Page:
“We are not going to debate you at the door about our policies,” reads a sign at the downtown restaurant. “We will just ask you to leave.”
Which is not to say that the masks don’t come off at Looseys.
Yes, you must cover your face while ordering at the door. But not at the dozen tables that appeared to be fully occupied on a recent balmy Friday evening.
Each carefully spaced to achieve optimum Covid-era distancing.
Looseys couldn’t manage that sort of distancing inside. But these tables are strategically placed outdoors, on the brick surface of NW 1st Avenue.
And just across the street, in city parking lot #10, large tents have been erected to handle the, um, overflow. Half a block away, Crane Raman’s tables occupy still more street space. The Paramount Grill has put tables on the sidewalk…not a problem, since pedestrians now have an entire blocked-off street in which to avoid close contact with one another.
Just across University Avenue, Flaco’s Cuban Bakery has erected a canopied patio on what we used to call NW 2nd Street. There, customers can admire the smiling death heads wall mural while waiting for their food.
But wait a minute. Who turns car corridors into a dining rooms anyway?
Well, since Covid19 they’ve been doing it in New York, Paris, Portland and in cities large and small pretty much all over the map. So why not here in Gainesville?
“I would put it that we’re not closing the streets to cars,” says City Manager Lee Feldman. “Rather, we’re opening up public space to pedestrians. All the health professionals tell us that it’s better to put as much business activity as possible outdoors. There is less exposure in the open air.”
Under the city’s temporary experiment in open air gastronomic expediency, one lane of University Avenue, across from UF, has also been closed. And a southbound bike lane was commandeered to give diners more eating room on Main Street – with signage notifying motorists that, yes, cyclists really do have as much right to be in the traffic lane as they do.
“This idea that (on-street) parking has to be an absolute is ludicrous,” Feldman says.
What’s been lost in the process are lots of on-street parking. But by way of trade-off, you can park in the city’s downtown garage for free.
How long these temporary closings will last is anybody’s guess. But while the immediate objective is to offer some financial relief to participating restaurants, the city also has an opportunity to observe and learn from this experiment in “tactical urbanism.”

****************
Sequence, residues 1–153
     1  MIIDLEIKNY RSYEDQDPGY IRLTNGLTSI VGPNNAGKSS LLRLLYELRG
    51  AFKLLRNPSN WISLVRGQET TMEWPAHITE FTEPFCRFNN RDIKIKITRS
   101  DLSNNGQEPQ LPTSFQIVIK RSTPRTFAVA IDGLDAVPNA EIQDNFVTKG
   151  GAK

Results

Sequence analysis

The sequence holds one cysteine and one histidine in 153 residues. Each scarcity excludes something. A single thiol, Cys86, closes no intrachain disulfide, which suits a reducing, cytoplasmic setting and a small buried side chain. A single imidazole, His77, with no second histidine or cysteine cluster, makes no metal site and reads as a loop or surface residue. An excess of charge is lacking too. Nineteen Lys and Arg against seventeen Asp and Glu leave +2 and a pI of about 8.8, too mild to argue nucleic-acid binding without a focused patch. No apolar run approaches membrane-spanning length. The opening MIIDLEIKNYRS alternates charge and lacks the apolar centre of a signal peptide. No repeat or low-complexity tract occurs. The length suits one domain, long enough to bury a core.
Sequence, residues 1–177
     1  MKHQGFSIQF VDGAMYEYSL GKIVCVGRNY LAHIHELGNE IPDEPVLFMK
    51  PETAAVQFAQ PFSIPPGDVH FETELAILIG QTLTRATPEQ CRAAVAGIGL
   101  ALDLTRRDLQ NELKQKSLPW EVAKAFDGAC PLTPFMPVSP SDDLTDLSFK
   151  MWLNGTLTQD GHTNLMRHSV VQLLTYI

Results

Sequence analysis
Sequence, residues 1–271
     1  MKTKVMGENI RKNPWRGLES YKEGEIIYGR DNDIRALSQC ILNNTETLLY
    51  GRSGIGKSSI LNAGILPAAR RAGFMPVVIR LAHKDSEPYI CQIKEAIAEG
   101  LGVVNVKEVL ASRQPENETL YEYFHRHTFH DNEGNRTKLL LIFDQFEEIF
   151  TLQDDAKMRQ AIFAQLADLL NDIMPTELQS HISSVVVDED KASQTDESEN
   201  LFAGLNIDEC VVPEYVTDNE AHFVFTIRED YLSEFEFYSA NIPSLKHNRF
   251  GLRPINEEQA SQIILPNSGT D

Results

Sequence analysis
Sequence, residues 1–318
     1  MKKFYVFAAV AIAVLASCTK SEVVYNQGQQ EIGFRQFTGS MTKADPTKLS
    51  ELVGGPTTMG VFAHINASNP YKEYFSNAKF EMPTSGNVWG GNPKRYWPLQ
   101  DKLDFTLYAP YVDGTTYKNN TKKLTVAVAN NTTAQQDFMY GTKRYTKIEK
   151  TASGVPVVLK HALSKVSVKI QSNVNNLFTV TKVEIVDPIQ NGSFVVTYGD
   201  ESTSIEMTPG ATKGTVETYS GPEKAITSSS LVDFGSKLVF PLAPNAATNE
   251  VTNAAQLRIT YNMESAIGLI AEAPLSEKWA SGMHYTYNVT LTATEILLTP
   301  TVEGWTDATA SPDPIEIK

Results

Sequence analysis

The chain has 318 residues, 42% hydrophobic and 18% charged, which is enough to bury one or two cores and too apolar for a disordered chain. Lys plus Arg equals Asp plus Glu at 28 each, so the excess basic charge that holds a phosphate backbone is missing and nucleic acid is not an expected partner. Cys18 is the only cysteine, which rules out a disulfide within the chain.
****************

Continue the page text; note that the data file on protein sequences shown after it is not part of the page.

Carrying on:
“So its temporary now, but we are going to learn from this that maybe we don’t need as much road space as we think we need, and maybe its more about people than cars.”
Gainesville and UF are getting ready to jointly sponsor a new master plan for downtown. So perhaps what will ultimately emerge from all of this is a vision for a more people-friendly, less auto-centric city center.
“The current COVID street closure phenomenon can be the leading edge of a new conversation on what streets can be, prompted by citizen interest and proactive government,” urbanists Bruce Chamberlain and Dan Hemme write in the on-line Planet Citizen.
Sadly, it took a pandemic for many of us to finally get that message.
As a student of irony I can’t help but admire the city commission’s passion for renter’s rights. In that cause commissioners have been pondering an ordinance that has landlords pulling out their hair and predicting that it will send rents sky high.
Don’t get me wrong. I’m in favor of the ordinance.
But the irony is that city government is itself Gainesville’s biggest violator of renter’s rights. And has been for decades.
Listen, this is a liberal town. Everybody says so.
We celebrate diversity. We hang banners on Pride Week. We welcome all regardless of race, religion or sexual orientation.
But since the 1970s city government has occupied our bedrooms, our living rooms and our kitchens in the most intrusive manner imaginable.
Simply put, the city says that no more than three people can share a house unless they are legally related.
How is that not a violation of our civil liberties? Of our right to free association?
I was a student at UF in the 1970s when the city imposed that restriction. And nobody pretended that it was being done for any other purpose than to keep students from infesting the city like…oh, I dunno…head lice.
It’s not like we are Black Jack, Missouri, which used a similar ordinance in 2006 to tell Fondray Loving, Olivia Shelltrack and their three kids that they couldn’t live in the five-bedroom house they had purchased.
Not so long as they lived together out of wedlock.
University of Missouri law professor Rigel C. Oliveri cited that case in a 2016 Florida Law Review article, in which she argued that a decades-old Supreme Court case upholding the right of cities to do what Gainesville and Black Jack do is “wholly incompatible” with “modern jurisprudence.”
We have “seen profound changes in how Americans live: increased numbers of people are living together outside of wedlock; nonmarital births and child-rearing are on the rise; and the Supreme Court has recently recognized a constitutional right to same-sex marriage. Direct governmental regulation of private intimate conduct, such as fornication and adultery, has diminished almost entirely.”
Nonetheless, she wrote, some local governments continue to “interfere with people’s ability to live together outside of a traditional marital relationship.”
Lately, we’ve been talking a lot about affordable housing. Amid all the sound and fury generated by the discussion, GNV Rise fell but ADUs rose.
But still nary a word about the impact of Gainesville’s last-century restriction on access to affordable housing.
“We haven’t talked about it as a rule, I think, because of political pressure” from neighborhoods close to the university, says Commissioner Adrian Hayes-Santos, who wants to abolish the ordinance. “It is one of the impediments to affordable housing.”